N-S vulnerable


{spade} 9 5

{heart} K 10 6 4 2

{diam} J 6

{club} J 10 8 6


{spade} 7 4 2

{heart} A J 9 5

{diam} K 8 7 5 3

{club} 4


{spade} J 8

{heart} Q 8 7 3

{diam} 2

{club} K Q 9 7 3 2


{spade} A K Q 10 6 3

{heart} None

{diam} A Q 10 9 4

{club} A 5

The bidding: SouthWestNorthEast2 {club} Pass2 {diam} Pass 2 {spade} Pass2 NT Pass3 {diam} Pass3 NT Pass4 {spade} All Pass Opening lead: {club} 4

Unlucky Louie and I were looking over the scores from a duplicate game when we came to today's deal. Every North-South pair had reached four spades, and most had taken 11 tricks, losing a club and a diamond.

"I made six," Louie told me. "Against me, West led the ace of hearts. I ruffed, drew trumps and led a low diamond. I got to dummy with the jack of diamonds to pitch my losing club on the king of hearts."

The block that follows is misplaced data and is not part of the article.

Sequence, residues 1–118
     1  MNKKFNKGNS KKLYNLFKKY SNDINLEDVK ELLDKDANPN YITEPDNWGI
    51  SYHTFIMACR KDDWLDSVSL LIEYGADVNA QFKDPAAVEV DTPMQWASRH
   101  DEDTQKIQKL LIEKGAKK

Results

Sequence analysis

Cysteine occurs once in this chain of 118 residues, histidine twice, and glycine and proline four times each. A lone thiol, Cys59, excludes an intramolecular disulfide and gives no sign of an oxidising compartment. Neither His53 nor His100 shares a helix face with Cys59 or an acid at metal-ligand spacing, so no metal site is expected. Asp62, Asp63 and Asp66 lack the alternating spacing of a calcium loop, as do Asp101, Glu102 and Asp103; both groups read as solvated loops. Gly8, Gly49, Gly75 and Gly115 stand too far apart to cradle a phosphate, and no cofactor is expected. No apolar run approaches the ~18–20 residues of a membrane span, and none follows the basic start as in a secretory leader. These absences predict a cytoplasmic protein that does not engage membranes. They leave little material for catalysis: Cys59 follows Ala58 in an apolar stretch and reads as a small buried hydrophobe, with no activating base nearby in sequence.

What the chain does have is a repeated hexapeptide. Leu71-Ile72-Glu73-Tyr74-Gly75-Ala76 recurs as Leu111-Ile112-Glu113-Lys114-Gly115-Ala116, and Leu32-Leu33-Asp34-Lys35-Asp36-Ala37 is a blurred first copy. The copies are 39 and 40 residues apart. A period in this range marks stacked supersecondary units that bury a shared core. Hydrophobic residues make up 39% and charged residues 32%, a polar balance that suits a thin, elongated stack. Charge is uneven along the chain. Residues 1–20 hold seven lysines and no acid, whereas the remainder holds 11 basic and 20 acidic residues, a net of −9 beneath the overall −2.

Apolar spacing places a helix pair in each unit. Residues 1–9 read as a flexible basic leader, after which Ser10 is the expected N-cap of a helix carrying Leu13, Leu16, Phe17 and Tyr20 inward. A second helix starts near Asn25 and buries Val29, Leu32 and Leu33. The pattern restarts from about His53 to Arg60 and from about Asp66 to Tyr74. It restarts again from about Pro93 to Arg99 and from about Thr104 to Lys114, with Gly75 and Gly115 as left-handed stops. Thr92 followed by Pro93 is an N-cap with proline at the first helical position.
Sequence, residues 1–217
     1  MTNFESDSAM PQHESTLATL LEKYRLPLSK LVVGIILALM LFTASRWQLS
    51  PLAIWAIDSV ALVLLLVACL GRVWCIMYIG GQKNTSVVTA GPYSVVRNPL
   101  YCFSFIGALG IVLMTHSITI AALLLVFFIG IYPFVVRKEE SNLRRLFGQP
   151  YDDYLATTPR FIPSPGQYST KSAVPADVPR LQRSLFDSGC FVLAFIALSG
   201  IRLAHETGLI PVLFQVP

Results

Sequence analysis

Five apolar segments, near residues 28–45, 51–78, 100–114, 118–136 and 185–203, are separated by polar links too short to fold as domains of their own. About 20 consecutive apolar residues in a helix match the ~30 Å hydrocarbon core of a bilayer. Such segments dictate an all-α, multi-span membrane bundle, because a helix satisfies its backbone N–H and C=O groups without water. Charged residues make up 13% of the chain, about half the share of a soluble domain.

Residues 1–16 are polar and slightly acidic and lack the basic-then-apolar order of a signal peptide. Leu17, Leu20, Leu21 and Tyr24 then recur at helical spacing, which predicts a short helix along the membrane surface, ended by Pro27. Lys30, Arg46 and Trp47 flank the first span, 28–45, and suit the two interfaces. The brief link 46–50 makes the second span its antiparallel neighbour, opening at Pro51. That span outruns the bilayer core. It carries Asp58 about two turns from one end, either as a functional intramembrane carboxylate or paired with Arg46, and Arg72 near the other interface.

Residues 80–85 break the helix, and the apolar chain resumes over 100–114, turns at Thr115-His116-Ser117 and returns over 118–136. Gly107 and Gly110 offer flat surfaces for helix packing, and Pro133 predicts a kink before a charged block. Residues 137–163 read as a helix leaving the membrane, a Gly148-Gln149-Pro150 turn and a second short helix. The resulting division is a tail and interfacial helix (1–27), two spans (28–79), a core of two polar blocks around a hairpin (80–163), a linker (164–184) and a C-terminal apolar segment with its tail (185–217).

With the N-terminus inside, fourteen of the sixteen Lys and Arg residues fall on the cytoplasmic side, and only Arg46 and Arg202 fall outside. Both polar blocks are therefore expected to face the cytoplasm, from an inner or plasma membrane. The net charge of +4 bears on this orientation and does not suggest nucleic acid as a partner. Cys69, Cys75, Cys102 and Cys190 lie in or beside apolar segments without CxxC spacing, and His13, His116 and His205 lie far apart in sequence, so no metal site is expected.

"One South went down at four spades," I observed. "That looks impossible."

"Nothing is impossible for Minnie and those glasses of hers," said Cy the Cynic, joining us.

Minnie Bottoms, my club's senior member, wears old bifocals that make her mix up kings and jacks, often to her opponents' dismay. Cy is Minnie's chief victim.

"What happened?" I asked Cy.

The story came out. Minnie's partner had led the four of clubs, and Cy had put up dummy's jack. Minnie, East, signaled with the seven! She thought she had the Q-J, and dummy's "king" had won.

"I found myself in dummy," Cy said, "so I naturally took the opportunity to let the jack of diamonds ride for a finesse. After all, it was duplicate, and I could see a chance for three overtricks."

West took the king of diamonds and returned a diamond, and Minnie ruffed and led a club. West ruffed Cy's ace (much to his amazement) and led another diamond. Cy ruffed desperately with dummy's nine, but Minnie overruffed with the jack. Down one!

(c)2005, Tribune Media Services